I was recently inspired to consider this topic by a Facebook post of one of my friends who suggested that just because she was considering the selections for her Tour de France fantasy team, that she might just be a bit more nerdy than most. That got me to consider what in the world happened to the concept of the “nerd” from when I was in high school to where I find myself today?
When I was a teenager (and yes, this was over 25 years ago… ancient history to some of you), it was not really considered “cool” to be one of those people who stayed after school for drama and choir practice… or to spend hours practicing with the Math Club for the upcoming Quiz Bowl. And yet today, there are an overwhelming number of people who are actually proud of their “nerdy” pursuits. Look at the popularity of the show “Glee” for instance. And who wouldn’t be impressed with the likes of Steve Jobs and Bill Gates as icons of the real “Revenge of the Nerds”.
We sawmovies like Napoleon Dynamite or loved characters like Steve Urkel whose quirky-ness and snarky charm have made being a “geek” mainstream cool. Even on the latest comedy “New Girl” on FOX, Zooey Deschanel shows the public that we can love a nerd la femme just as much. The Information Age revolution has changed more than just how we communicate in cyberspace. It has turned that familiar high school social dynamic on its ear. Nope, the jocks aren’t the ones getting the chicks in the movies these days… and no one is trying to steal these guys’ lunch money anymore. Try to slight one of these modern nerds and you might find your social networking site hacked and your Twitter-feed twisted.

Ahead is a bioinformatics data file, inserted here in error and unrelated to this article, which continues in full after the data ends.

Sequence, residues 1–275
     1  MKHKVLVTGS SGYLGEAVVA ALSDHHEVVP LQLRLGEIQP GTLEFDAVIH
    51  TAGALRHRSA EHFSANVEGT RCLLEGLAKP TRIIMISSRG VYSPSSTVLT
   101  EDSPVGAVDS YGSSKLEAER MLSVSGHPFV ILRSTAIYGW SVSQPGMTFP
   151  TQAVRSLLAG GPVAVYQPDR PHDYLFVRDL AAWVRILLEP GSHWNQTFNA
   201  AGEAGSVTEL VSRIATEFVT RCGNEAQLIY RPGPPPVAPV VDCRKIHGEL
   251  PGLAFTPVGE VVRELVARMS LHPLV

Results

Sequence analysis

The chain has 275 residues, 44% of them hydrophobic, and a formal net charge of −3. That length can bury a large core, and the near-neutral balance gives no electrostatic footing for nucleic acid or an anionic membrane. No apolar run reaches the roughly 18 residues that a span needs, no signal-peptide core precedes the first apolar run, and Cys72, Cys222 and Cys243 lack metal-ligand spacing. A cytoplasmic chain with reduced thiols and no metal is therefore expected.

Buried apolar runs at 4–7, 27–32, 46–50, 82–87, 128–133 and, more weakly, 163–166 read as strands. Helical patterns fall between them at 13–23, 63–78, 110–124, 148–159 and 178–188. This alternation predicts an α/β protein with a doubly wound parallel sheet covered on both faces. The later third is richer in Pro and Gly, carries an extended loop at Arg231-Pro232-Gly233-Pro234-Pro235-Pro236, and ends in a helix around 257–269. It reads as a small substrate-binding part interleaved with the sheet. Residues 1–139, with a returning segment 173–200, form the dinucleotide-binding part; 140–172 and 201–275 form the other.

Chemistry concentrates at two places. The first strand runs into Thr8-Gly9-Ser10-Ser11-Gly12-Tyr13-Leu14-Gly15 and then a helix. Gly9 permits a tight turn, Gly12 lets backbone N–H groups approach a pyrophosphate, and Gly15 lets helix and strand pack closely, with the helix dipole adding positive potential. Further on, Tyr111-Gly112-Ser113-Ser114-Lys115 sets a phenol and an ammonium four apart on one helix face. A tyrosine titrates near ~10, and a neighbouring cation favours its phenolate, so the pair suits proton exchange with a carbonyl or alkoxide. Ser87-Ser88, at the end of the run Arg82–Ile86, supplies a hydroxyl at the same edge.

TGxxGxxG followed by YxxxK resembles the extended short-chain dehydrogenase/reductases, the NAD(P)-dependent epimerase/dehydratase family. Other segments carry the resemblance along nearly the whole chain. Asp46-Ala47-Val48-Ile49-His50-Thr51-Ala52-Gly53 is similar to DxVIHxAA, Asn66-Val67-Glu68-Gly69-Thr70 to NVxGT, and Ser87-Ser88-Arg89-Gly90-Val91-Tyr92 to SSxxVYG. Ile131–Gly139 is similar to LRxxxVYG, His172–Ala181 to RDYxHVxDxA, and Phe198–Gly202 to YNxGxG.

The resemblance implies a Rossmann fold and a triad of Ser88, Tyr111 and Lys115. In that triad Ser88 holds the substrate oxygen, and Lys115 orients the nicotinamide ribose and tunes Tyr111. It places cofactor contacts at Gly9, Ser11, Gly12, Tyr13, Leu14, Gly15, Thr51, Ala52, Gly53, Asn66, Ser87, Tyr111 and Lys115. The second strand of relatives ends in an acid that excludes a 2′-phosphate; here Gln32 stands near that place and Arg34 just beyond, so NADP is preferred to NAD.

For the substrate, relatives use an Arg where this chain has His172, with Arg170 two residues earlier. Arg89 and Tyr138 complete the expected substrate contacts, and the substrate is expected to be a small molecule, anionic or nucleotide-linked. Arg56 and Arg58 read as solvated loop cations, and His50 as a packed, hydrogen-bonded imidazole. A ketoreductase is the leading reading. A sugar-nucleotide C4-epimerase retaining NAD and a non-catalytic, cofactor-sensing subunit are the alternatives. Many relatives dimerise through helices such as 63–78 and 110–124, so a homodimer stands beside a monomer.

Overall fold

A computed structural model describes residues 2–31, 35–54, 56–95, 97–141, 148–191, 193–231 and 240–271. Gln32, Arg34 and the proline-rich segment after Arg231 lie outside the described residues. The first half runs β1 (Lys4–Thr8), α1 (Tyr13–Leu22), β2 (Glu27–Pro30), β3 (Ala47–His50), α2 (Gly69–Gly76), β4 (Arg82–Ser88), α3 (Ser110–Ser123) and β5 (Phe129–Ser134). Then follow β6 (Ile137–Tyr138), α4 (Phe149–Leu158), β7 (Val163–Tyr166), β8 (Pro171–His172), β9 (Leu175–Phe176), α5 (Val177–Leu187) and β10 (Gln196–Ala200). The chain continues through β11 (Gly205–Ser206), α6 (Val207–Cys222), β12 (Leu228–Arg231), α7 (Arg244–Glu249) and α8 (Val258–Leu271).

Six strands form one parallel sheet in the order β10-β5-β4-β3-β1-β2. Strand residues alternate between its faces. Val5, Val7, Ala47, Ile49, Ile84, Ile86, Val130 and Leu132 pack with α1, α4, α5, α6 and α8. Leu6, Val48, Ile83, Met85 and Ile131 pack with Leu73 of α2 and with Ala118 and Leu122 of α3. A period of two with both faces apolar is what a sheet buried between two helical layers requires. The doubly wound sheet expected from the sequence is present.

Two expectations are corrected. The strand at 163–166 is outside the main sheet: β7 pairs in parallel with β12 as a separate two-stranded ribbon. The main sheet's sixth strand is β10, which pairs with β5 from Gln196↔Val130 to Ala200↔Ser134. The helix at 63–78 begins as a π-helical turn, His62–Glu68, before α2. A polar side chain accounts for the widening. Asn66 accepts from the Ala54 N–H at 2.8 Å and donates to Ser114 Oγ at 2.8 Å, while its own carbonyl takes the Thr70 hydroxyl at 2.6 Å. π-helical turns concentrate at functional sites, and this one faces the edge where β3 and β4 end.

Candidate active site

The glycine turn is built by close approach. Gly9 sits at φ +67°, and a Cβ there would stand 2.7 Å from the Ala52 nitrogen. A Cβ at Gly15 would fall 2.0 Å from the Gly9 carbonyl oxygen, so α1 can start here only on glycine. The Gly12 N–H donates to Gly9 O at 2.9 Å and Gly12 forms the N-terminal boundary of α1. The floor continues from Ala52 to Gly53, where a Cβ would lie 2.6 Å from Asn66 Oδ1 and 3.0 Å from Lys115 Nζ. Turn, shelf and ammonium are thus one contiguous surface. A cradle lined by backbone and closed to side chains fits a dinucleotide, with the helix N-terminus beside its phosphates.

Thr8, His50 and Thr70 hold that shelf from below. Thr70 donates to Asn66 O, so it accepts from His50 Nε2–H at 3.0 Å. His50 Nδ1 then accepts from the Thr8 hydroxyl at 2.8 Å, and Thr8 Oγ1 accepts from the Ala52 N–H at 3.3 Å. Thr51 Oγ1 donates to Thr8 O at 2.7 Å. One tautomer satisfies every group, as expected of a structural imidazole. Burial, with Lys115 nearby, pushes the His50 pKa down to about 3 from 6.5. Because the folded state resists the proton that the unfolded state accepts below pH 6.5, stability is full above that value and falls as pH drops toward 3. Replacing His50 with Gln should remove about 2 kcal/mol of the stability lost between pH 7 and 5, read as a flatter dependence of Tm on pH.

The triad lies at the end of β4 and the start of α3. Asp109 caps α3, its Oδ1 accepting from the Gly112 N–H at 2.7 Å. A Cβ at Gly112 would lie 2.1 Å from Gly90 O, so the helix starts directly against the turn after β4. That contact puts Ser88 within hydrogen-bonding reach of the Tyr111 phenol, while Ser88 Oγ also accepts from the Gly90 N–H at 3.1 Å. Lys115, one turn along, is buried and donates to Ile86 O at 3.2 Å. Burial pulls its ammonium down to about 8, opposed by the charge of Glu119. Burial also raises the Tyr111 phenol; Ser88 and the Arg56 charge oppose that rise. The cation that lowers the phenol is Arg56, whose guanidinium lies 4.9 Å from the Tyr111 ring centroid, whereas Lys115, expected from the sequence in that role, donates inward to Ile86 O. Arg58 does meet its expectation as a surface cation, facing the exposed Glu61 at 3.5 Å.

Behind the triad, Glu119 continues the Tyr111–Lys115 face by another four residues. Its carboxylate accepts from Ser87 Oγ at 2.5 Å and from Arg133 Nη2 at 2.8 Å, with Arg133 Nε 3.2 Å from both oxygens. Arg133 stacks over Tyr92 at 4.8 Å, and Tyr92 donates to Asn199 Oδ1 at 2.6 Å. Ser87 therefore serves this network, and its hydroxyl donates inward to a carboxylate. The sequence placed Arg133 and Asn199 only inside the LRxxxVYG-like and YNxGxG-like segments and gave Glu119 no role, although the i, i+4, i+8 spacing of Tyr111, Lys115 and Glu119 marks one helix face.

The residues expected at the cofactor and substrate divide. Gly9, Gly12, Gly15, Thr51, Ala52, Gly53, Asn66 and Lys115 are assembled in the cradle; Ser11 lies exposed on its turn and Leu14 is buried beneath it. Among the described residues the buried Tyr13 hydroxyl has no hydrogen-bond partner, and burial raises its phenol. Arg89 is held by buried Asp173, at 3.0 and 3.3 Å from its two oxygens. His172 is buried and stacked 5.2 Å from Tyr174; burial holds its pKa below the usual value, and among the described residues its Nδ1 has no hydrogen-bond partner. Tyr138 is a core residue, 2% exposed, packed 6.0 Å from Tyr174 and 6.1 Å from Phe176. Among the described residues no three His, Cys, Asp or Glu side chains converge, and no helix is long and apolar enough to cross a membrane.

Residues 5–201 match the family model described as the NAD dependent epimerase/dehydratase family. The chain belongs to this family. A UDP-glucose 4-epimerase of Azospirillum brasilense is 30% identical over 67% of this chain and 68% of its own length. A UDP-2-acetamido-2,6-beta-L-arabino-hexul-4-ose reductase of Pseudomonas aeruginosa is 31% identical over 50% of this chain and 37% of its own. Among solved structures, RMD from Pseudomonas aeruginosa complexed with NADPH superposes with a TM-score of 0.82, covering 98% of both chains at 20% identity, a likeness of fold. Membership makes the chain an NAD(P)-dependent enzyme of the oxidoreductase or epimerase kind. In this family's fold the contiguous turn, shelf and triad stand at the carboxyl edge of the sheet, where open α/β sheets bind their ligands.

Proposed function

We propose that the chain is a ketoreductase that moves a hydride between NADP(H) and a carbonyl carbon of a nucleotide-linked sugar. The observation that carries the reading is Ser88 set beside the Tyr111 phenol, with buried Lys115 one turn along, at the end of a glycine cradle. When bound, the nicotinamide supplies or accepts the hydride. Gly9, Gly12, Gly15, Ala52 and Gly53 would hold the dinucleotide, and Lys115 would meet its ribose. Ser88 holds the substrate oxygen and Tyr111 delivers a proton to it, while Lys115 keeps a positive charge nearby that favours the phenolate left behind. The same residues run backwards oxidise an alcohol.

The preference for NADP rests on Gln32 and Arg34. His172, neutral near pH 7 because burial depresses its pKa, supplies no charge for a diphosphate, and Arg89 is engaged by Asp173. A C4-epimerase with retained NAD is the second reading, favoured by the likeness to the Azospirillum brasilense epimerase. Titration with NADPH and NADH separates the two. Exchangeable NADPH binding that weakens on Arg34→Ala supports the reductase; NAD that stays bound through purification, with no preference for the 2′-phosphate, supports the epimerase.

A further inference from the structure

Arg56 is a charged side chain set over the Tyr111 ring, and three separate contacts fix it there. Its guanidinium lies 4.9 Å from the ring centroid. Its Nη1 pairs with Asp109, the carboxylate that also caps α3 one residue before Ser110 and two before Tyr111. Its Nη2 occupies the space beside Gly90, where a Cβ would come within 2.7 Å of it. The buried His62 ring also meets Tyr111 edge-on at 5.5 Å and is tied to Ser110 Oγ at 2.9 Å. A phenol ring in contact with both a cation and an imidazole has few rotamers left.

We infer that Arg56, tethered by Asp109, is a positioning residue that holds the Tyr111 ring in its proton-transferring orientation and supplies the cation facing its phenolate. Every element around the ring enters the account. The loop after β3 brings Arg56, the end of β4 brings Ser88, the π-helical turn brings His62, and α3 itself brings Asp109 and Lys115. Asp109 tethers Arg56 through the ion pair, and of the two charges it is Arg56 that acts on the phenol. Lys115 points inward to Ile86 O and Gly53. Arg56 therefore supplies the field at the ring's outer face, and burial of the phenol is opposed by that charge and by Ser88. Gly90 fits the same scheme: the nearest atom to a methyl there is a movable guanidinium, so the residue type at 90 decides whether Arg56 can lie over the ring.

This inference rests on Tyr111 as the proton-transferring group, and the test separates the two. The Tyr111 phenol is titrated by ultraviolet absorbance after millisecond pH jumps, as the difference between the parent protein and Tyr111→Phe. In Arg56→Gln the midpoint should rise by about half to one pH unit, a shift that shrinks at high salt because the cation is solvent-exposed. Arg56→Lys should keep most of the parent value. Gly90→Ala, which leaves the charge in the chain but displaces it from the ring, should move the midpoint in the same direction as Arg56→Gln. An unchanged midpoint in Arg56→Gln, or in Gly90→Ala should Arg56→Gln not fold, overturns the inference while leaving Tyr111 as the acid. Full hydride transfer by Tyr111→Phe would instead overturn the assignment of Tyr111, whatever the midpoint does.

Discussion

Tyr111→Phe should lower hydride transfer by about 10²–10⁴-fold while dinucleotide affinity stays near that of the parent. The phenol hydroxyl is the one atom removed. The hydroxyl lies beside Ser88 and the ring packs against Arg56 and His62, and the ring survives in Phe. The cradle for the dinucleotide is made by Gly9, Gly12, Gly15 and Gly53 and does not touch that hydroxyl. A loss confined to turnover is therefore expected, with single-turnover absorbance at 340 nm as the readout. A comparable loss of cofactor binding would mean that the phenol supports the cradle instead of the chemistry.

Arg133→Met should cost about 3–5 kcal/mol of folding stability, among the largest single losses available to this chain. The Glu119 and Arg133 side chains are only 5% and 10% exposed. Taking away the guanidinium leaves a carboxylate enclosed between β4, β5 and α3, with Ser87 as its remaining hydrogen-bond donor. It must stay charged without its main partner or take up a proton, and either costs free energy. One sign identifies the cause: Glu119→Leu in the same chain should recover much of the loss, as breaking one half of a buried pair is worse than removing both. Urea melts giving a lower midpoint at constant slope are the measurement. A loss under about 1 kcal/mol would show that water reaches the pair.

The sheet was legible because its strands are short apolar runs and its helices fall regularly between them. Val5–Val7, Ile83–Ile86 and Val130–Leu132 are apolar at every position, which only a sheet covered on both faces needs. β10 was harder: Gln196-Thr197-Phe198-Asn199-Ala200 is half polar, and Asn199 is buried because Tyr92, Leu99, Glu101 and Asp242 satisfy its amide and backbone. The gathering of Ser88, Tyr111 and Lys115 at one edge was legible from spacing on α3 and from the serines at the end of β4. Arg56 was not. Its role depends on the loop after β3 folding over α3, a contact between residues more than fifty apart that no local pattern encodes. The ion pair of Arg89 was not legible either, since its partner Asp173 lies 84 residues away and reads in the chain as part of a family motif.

For myself, I’m thrilled with the cosmic shift since I have long been a “trekkie” and a technology devotee. When I took the nerd test, I scored somewhere in the 80% range. (I’m not certain if that is because I could point out Johannes Kepler in a line-up or if it was the Klingon-English translation I offered.) But one way or another, I can finally proclaim proudly that I am a nerd without the negative stereotype it once held. So who else is with me? Have you been hiding your pocket-protector since 8th grade? Are you ready to wear your Lt. Sulu costume to church? It’s time for us to own our eccentricities… it’s hip to be geek!
Jenny Michael is president of Women of the ELCA.